‘Radical psychoanalyst’ from Camden on trial for stealing from vulnerable client
PUBLISHED: 13:38 15 July 2016 | UPDATED: 10:04 17 August 2016
A “manipulative” man who posed as a “radical existential psychoanalyst” to provide counselling to a vulnerable woman before allegedly stealing her credit card and trying to blackmail her has gone on trial.
American national Tony Cochran, who lives in Camden, is accused of winning the confidence of a woman with bipolar disorder before stealing an iPhone, iPad and Tesco credit card from her, a crown court heard on Monday.
Within the space of two minutes on March 1 last year Cochran used the credit card five times at a cash point to try and withdraw £1,490 and was successful in taking out £200 and £100, the jury heard.
The 29-year-old first met the woman from Hertfordshire, who grew up in Hampstead, after advertising on a support network called The Icarus Project as “a psychoanalyst in America”.
She agreed to pay him £1,980 for telephone counselling and quickly developed a close relationship with Cochran, telling the court she had become “quite dependent on him”.
Barrister Martin Hooper, prosecuting, said: “She was desperate. She was embroiled in social services proceedings over her daughter. We say in these circumstances she was vulnerable and open to abuse and manipulation by the defendant.”
The jury heard in the second week of February 2015 Cochran told the woman he loved her and that he needed to leave the USA before asking her to pay his airfare.
She did not have the money and applied for a Tesco credit card. When it did not arrive in time she used an overdraft to pay for the ticket, the prosecution said.
The defendant arrived in the UK and stayed at her Hertfordshire flat for three days in the last week of February during which time he was “controlling and manipulative,” the prosecution said.
On the morning of March 1 Cochran left the flat and the woman later discovered her iPad, iPhone, some money from her purse, the Tesco credit card and a letter containing the PIN number were gone, the jury heard.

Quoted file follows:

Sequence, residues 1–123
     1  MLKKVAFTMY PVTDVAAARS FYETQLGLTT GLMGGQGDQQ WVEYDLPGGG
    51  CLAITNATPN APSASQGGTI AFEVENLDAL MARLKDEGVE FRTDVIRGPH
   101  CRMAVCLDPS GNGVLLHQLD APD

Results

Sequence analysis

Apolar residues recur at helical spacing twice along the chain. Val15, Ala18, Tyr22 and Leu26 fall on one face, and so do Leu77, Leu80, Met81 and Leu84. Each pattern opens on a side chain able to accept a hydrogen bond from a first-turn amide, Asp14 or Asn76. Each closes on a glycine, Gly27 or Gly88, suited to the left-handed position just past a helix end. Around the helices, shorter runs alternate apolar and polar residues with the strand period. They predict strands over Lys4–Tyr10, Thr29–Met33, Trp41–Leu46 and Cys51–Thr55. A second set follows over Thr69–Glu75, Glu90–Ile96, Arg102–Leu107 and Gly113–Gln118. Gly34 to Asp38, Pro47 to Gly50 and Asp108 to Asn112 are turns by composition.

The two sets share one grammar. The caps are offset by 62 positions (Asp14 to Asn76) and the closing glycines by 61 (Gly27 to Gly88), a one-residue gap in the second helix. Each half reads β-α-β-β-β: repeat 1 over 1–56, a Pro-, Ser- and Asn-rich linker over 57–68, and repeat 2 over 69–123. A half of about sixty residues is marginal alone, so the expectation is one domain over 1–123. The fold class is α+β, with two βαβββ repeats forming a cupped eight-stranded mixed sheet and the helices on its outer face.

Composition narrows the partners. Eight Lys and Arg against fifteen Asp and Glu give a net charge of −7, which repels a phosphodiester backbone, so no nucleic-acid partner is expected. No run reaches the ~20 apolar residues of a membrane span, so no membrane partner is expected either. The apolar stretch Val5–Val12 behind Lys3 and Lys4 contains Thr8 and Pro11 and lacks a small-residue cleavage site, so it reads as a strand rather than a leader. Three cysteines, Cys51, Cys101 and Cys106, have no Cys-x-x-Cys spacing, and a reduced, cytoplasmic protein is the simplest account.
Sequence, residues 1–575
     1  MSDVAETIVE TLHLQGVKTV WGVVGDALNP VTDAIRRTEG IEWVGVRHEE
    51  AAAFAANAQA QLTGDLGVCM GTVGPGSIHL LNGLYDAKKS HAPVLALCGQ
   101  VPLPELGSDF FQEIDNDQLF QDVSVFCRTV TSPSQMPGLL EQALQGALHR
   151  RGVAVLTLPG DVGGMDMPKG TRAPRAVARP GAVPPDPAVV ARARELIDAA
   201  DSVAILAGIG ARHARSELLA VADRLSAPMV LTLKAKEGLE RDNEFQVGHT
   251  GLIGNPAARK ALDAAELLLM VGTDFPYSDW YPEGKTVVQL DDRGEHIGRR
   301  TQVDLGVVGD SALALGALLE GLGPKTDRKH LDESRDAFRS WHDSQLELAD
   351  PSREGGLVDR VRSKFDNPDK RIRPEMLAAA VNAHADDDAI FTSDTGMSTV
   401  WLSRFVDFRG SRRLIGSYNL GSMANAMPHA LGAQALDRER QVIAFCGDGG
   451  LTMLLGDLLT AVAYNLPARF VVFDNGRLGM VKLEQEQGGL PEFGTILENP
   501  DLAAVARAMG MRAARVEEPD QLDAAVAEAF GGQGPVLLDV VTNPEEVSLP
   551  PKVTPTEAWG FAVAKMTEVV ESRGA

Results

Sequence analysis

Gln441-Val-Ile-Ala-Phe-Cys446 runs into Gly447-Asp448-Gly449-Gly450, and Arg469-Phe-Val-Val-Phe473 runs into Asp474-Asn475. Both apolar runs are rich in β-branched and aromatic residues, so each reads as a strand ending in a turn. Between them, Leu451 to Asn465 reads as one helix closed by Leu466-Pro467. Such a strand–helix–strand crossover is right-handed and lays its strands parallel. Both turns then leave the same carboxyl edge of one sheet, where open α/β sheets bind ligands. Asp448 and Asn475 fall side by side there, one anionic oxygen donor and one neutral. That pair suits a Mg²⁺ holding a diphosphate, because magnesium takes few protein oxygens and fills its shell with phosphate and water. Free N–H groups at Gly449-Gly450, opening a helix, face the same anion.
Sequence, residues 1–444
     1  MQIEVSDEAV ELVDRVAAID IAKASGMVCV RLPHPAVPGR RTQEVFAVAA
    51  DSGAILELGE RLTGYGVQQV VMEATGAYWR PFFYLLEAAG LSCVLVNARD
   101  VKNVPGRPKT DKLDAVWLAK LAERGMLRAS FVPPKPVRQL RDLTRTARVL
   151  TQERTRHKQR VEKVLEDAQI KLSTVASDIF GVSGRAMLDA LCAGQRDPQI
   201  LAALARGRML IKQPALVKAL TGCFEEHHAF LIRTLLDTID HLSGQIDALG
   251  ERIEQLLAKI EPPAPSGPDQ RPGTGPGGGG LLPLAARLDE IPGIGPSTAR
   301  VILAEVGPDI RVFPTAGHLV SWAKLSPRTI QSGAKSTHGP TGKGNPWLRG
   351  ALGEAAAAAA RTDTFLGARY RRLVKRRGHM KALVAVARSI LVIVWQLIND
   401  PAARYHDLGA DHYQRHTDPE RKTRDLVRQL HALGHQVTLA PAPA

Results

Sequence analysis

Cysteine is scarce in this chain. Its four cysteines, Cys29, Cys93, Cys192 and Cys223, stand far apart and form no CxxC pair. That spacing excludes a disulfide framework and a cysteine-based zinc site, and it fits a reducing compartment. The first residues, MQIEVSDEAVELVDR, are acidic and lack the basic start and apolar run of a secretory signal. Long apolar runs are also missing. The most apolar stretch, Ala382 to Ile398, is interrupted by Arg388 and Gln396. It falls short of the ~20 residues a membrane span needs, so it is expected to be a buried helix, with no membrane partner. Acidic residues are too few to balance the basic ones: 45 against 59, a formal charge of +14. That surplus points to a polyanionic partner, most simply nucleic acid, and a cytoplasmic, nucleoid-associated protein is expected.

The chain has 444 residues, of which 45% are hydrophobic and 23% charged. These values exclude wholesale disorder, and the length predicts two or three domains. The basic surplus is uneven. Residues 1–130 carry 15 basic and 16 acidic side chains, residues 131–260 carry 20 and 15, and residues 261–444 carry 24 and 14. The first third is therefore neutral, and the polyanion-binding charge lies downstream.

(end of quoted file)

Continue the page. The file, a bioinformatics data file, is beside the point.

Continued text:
Later that day she received a call from Tesco to say the card had been used in a number of transactions.
“We say that the pattern of use makes it clear that here was a man who was trying to get as much use out of the credit card as quickly as possible before it was realised by the bank,” said the prosecutor.
When Cochran was arrested he claimed the woman had sexually assaulted him and alleged there was a second contract between the pair for £1,790 of “live-in” counselling services which was unpaid.
The jury heard his defence relies on an email allegedly sent by the woman on the morning of March 1, which said: “I’m sorry about last night, I can be a bit violent sometimes. Please take this Tesco card pin 6605 and spend a little for yourself.”
But the prosecution say the woman was asleep in bed at the time and Cochran had access to her iPhone.
He is accused of blackmailing her as he allegedly threatened to report the woman to PayPal and police if she did not pay the debt.
Cochran, of Brunswick Mansions, Handel Street, Bloomsbury, is charged with three counts of theft, three of attempted theft, five of fraud and one count of blackmail.
He has pleaded not guilty to all charges and is representing himself in the trial at St Albans Crown Court.
The case continues.
VICTIM: ‘I WAS VERY CHARMED AND ADMIRED HIM’
The woman at the centre of the case told the jury she was “very charmed” by Tony Cochran and was “eager to please him”.
She said Cochran told her he had a “masters qualification in psychosocial studies from Birkbeck university” in London but added “I’m not sure if this is the case”.
She told the jury: “I really admired him as an educated person and an anti-capitalist” before later asserting during a tense cross examination “I suppose he could be a non-capitalist and a criminal hand-in-hand”.
Describing their counselling sessions, she said: “The approach to what he called radical existential psychoanalysis is that he gives you a lot of personal information about himself to aid the relationship between himself and the client.”
She continued: “What I’m trying to say is that what was being built-up was far more than a professional relationship.”
On arrest Cochran claimed the woman had sexually assaulted him on three occasions before he left her flat.
Visibly angered, she strenuously denied the allegations saying: “I was questioned by police about this in December last year, I was never charged. No this did not happen.”
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